15m from the coordinates, but how to get down there to the cache?
Next we found a lovely beach, a dream of white sand, cliffs, surf and turquoise water. It really does look inviting, but the picture doesn’t show, that it is way too cold to be out there swimming…
We followed the none existend path along the cliff, made our way through some shrubbery where at times we didn’t really find a path at all… But the view out to a stone arch was great.
It was here, that we actually met muggles for the first time since we set out on our hike. The water under the arch was unbelievably blue!
Further up, the cliff gave way to a huge white beach. This beach was inhabitated by some bohemians. As the next road is quite some distance, I wonder if they get their fresh water supply by boat? I know, which I’d prefer, though. Carrying water over long distances is no fun at all.
Like an Azure Window the arch opened into a very blue grotto.
We weren’t the only ones here. Some very shy natives showed up as well…
The tent of the bohemians
After finding another cache we were searching for the quickest way back to the cars in some 3km distance.
Back at the cars we still were not fed up and so we drove some distance to search for an earthcache and some traditionals.
One was at a lighthouse.
I always are drawn to lighthouses, even or maybe because being a landlubber, born and raised 400km from the closest body of salt water…
This one had a funny colour theme, the stripes were not horizontal but vertical.
Never had such a HUGE spoiler, either. The description was clear enough: Go 6 steps down the path, the hint even clearer: underneath your feet.
But then the visual was just a tad too much. I wonder, if muggles ever find this cache, cause they can’t really miss the signs: two red arrows pointed as to where to search for the box.
On our way over to the lighthouse
More spoiler is impossible
Found tracks of Yeti, he takes holidays on this lovely Spanish island as well!
Near the last cache for the day we got shown quite a spectacle: The strong winds of the last nights must have been to strong for this badly kept lady. She sat on the sand and rocks just opposite the harbour in a small bay. A band of youngsters were busily dismantling the havarist. Legal or not, we weren’t sure at all. Still we enjoyed their arguing and really not very efficient attempts to salvage the best parts of her.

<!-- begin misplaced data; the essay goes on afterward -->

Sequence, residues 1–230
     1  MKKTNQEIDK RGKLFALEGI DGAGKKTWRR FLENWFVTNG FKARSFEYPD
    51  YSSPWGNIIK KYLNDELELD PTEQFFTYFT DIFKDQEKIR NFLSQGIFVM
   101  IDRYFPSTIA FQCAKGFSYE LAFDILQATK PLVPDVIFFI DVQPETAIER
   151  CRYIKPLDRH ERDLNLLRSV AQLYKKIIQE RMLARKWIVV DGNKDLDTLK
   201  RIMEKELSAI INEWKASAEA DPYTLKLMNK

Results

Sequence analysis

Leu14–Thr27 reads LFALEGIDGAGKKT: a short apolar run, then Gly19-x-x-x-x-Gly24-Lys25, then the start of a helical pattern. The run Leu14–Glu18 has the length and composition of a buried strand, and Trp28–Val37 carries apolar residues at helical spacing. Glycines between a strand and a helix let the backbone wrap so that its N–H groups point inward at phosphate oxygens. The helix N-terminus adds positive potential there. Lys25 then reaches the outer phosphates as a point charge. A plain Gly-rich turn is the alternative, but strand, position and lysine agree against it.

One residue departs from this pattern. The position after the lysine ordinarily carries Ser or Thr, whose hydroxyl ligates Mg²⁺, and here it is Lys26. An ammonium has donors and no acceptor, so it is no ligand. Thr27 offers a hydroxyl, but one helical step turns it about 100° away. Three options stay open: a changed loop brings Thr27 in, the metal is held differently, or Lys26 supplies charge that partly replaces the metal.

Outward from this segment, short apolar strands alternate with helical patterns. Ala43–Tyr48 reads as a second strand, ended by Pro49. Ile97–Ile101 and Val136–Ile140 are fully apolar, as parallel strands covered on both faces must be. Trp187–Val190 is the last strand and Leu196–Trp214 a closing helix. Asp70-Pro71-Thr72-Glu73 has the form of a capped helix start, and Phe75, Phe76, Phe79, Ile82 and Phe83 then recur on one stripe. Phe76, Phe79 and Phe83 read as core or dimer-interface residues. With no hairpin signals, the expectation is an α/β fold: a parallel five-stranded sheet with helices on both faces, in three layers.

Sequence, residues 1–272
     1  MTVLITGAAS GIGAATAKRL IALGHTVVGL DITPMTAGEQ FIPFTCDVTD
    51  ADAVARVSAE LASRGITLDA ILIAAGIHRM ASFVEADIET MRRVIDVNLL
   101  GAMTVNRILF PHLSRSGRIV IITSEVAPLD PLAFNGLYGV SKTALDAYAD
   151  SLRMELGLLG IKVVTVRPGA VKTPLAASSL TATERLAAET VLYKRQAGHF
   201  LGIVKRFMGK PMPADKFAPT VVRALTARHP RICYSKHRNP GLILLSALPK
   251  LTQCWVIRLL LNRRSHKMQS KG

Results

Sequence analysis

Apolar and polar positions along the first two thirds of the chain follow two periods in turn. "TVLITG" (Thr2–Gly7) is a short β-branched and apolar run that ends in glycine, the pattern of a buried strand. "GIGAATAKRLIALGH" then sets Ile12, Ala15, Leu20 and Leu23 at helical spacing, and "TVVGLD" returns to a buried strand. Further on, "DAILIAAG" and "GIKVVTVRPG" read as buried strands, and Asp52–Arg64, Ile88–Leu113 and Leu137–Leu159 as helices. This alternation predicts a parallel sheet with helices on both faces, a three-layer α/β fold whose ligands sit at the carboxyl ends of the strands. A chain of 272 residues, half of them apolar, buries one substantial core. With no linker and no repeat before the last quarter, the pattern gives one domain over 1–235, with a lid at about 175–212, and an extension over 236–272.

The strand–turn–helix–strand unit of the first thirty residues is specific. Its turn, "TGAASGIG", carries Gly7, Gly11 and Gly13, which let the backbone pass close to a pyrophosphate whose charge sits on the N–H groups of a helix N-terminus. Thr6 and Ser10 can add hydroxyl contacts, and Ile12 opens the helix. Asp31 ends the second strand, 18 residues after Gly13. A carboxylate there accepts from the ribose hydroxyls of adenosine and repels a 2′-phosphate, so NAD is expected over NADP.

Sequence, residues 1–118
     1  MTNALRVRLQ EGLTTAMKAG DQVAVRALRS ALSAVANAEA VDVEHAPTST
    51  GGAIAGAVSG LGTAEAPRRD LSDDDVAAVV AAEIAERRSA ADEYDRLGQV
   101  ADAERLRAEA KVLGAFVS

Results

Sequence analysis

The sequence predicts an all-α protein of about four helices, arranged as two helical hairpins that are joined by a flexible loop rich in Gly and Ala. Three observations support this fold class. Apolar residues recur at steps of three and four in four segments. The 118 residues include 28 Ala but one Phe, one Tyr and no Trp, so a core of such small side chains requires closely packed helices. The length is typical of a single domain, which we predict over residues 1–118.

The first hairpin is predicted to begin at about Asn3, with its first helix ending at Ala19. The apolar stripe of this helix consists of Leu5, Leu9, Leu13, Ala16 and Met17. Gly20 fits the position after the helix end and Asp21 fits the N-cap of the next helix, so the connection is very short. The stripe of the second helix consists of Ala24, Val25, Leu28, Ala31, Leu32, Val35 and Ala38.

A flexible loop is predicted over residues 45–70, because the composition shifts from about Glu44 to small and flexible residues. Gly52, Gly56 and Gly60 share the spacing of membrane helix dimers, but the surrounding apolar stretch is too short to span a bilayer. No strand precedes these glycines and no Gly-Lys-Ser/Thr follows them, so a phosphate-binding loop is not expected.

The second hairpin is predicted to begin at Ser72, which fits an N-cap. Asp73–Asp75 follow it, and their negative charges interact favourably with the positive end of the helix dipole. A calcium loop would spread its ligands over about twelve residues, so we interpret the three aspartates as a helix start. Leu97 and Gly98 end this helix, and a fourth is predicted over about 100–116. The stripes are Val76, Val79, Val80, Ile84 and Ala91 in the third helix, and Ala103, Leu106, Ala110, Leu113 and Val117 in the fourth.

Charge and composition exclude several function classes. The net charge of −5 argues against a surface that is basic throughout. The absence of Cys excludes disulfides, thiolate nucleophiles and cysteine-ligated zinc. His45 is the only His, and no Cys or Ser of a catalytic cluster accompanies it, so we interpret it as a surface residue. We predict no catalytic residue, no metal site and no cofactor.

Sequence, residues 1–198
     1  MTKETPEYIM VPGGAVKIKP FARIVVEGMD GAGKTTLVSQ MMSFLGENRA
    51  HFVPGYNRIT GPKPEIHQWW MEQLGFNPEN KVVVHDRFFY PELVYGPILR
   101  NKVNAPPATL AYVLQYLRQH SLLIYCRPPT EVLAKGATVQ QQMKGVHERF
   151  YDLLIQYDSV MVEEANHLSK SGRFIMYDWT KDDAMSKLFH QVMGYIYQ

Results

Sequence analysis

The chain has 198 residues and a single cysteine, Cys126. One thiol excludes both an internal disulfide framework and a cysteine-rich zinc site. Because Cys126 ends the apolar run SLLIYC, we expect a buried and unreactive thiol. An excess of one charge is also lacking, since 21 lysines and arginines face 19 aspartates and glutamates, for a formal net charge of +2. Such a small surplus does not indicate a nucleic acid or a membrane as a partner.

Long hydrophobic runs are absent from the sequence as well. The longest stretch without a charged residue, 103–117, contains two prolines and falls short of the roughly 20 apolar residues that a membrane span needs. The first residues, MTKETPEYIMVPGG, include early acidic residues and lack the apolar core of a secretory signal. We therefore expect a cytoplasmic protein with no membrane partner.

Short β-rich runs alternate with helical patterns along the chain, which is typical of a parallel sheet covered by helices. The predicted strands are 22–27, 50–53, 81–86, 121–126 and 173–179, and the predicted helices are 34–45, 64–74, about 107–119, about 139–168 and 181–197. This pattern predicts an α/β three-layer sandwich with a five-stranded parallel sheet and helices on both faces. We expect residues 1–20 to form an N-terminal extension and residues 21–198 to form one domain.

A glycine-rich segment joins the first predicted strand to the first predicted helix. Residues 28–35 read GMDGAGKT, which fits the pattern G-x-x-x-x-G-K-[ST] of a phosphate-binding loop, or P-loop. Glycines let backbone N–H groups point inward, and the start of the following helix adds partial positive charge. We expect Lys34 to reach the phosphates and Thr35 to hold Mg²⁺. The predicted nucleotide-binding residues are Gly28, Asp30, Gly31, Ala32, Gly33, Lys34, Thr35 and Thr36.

The ancor was thrown out for some reason. She seemed to be quite severely stuck to my eyes. But then, landlubber, remember? What would I know.
Salvaging attempts on a storm victim
View from the cache to the harbour
Pitty the cache area was quite littered. Also pitty, the owner takes objection to mention this sad situation in the logs and even threatens to delete logs, who complain about the rubbish. As much I agree, that it is a beautifull spot and deserves a cache, when there is a dump within the vicinity of the cache and I have to search between bottles and crisp bags and other unmentionables, it is no fun and I feel I should be able to warn others of this situation.
Of course the owner didn’t dump the rubbish there, but still he should be able to relax and don’t be offended by truthfull logs.
My thanks goes to Qu Drivers, semi locals, who worked out the tour, wavebender, their son and his girlfriend for the company, c*n*s, p*a*s and p*n*s, whose letters and stars confused me no end. I still don’t know exactly who’s who… gmoosmann and his daughter Sonne98, who celebrated her 13th birthday on this day. Hopefully memorable with those cave visits.
Birthday Girl Sonne98
Last but not least I thank my children for being on their best behaviour on this day. Maybe because there were others equally adventurous to explore the caves with and their Sissi mother could stay outside…. (and get at least four more grey hairs…. I tend to worry about my children, something they don’t really appreciate at all…)